sealPurdue News
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1998

Farm dealers at odds on new technologies,
study shows

WEST LAFAYETTE, Ind. -- A nationwide survey of agricultural services businesses found that independents are much more conservative than national or cooperative dealers when it comes to offering new technologies.

"Clearly different dealerships are approaching precision agriculture in very different ways," says Jay Akridge, professor of agricultural economics at Purdue University.

"Independent dealerships have taken a wait-and-see position in many cases -- deciding that their market isn't quite ready for precision, or that they will enter this market when the opportunities begin to clear up. Cooperatives and nationally owned dealerships have been much more aggressive in bringing precision technologies and services to the market."

Akridge surveyed more than 400 agricultural services businesses in more than 40 states in 1997 to get the dealers' perspective of where agriculture is headed.

"Dealerships play an important role as pipelines of technology to farmers," Akridge says. "Generally dealers are not developers of technology, but they do screen technologies and look for those that help their customers make money."

The survey found that new agricultural technologies are coming on faster than even many agribusinesses expect. In the 1996 survey, for example, 7 percent of the dealers expected to offer enhanced seed in 1997. The 1997 survey found, however, that 51 percent sold the seed that year.

The dealers expect that by 1999, genetically enhanced seed will be a common technology, with 56 percent of the independents, 82 percent of the national dealers, and 71 percent of the cooperative businesses expecting to sell this new product.

Akridge says that although seeds haven't been an important product for most farm supply businesses, that is changing because of the new bioengineered products. "Enhanced seeds are becoming an important product to dealers," he says. "The reason why is easy to see: Once you decide that you're going to plant a product such as Roundup Ready soybeans, you've made two decisions, one for your seed and one for your herbicide." So when a farmer shows up to order his seed from a dealer, the dealer has a chance to sell the herbicide, too.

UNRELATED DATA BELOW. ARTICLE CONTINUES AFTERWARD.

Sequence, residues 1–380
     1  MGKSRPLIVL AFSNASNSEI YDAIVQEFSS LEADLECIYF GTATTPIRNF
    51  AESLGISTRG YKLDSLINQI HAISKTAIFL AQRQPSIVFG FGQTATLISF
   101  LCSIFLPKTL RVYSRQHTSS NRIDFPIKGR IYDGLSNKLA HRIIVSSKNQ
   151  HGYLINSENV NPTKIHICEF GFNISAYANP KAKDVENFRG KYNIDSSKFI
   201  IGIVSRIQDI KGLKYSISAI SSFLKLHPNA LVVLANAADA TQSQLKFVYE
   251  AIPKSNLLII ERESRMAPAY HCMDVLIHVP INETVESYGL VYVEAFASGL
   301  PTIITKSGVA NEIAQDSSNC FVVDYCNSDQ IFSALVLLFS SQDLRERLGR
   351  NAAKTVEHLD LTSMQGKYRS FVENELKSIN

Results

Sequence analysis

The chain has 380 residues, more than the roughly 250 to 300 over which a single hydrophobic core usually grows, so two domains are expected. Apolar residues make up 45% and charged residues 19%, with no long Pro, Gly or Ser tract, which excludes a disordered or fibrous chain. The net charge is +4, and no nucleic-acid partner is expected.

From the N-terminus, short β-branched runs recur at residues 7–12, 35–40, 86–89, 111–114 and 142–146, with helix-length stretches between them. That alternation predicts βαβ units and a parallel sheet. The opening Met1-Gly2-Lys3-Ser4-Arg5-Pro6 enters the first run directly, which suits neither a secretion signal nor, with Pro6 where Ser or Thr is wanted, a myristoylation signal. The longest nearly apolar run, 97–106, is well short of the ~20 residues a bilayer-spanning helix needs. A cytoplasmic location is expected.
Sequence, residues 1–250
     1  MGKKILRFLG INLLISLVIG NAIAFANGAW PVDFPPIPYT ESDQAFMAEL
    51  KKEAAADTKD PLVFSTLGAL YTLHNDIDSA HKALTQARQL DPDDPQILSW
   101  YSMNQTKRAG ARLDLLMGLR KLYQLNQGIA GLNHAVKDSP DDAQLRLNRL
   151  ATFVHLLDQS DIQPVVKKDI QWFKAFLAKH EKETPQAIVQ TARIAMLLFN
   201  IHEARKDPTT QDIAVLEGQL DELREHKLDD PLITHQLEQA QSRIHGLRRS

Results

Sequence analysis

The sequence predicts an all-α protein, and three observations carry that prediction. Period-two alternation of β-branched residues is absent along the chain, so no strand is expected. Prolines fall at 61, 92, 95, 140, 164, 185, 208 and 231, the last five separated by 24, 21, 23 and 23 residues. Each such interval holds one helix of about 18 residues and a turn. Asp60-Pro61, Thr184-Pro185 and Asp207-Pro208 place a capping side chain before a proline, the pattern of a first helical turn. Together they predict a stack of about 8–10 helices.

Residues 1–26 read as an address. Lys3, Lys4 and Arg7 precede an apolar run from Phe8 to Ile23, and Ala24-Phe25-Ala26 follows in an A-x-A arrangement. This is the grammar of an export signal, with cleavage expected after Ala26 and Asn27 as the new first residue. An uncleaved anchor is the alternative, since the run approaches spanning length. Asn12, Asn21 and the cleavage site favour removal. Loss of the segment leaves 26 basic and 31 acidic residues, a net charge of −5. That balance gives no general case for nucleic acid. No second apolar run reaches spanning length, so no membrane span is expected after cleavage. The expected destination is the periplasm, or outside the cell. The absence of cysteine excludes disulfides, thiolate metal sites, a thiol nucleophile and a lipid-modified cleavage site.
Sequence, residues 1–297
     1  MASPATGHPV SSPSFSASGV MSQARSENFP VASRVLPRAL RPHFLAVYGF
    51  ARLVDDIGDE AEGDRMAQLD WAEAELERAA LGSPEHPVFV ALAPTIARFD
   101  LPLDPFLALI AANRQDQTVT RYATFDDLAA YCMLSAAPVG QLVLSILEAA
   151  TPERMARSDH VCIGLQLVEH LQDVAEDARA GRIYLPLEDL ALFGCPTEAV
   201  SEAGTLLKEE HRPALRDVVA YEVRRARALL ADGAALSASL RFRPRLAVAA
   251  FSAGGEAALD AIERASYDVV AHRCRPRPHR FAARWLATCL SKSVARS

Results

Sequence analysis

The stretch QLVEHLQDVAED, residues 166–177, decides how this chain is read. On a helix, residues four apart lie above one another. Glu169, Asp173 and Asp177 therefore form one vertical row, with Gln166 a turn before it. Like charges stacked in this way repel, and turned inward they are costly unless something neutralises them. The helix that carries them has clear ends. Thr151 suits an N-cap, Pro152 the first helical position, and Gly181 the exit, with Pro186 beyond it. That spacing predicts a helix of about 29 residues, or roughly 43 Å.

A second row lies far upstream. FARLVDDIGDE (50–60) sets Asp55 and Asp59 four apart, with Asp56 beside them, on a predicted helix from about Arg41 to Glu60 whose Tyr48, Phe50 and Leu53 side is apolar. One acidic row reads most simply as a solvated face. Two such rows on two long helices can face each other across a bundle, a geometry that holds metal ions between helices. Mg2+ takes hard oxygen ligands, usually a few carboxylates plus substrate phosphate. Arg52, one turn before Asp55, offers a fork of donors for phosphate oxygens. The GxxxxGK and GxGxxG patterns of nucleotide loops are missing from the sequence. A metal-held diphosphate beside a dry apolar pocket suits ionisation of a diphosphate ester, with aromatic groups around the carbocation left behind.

Among precision farming technologies, yield monitors are the usual first step, and the survey found that 15 percent of the businesses offered yield monitor sales or service in 1997. By 1999, 22 percent of the businesses expect to be offering yield monitor sales and service.

"Some of the dealerships are being aggressive about making monitors available to the farmers at a reasonable cost to get farmers started in precision technologies," Akridge says. "So there are even different strategies among dealers who are offering these products."

Another growth area for dealerships is in agronomic interpretation of GPS farm data. (The geographic positioning system, more commonly known as "GPS," uses a grid of former military satellites to electronically locate any spot on earth to within a few feet. It is now used by civilians and is an integral part of precision farming.)

In 1997 29 percent of the businesses offered this service, but by 1999 40 percent expect to be in this form of agronomic consulting.

Akridge says that such consulting contracts are attractive areas of business for many dealers. "My sense is that when a farmer has two to three years of data with one of the dealers, unwinding that relationship will be more difficult than simply deciding to buy some other type of product," he says.

A third important technology in precision farming is field mapping using GPS. In 1997, 35 percent of the businesses offered this service; by 1999, 44 percent plan to offer GPS field mapping.

In the survey, the dealers also made these predictions about their businesses for the 1999 planting season:

  • Variable seed planting using GPS will be less common than other technologies: 12 percent of the independent businesses, 18 percent of the national dealers, and 6 percent of the cooperative businesses plan to offer this service by 1999.
  • Variable rate application of a single nutrient will be offered by 26 percent of the independent dealers, 53 percent of the national dealers, and 51 percent of the cooperative businesses by 1999.
  • The full package of GPS-driven multiple input variable applications will be offered by 6 percent of the independents, 35 percent of the national businesses, and 24 percent of the cooperative dealers by 1999.

The Purdue study notes that many businesses are looking beyond the pure technical benefits of precision agriculture technologies; they see the technologies as a way to differentiate their businesses in their area. Asked why they plan to offer precision agriculture technologies, the dealers gave these responses:

  • Improve competitive advantage, 28 percent.
  • Increase dealer profits, 12 percent.
  • Satisfy customer demand, 26 percent.
  • Offer environmental advantages, 7 percent.
  • Increase grower profits, 17 percent.
  • Increase crop yields, 3 percent.

Asked why they might not offer certain precision ag technologies, the dealers responded:

  • Expense to the dealership, 43 percent.
  • Too little grower acceptance, 12 percent.
  • Difficulty making profits from technology, 13 percent.
  • Benefits of technology unproved, 3 percent.
  • Difficulty training and retaining qualified employees, 13 percent.

Source: Jay Akridge, (765) 494-4247; E-mail
Akridge@agecon.purdue.edu;
http://www.agecon.purdue.edu/cab
Writer: Steve Tally, (765) 494-9809;
tally@ecn.purdue.edu;
www.agcom.purdue.edu/AgCom/homepages/tally/ Purdue News Service: (765) 494-2096; e-mail, purduenews@purdue.edu


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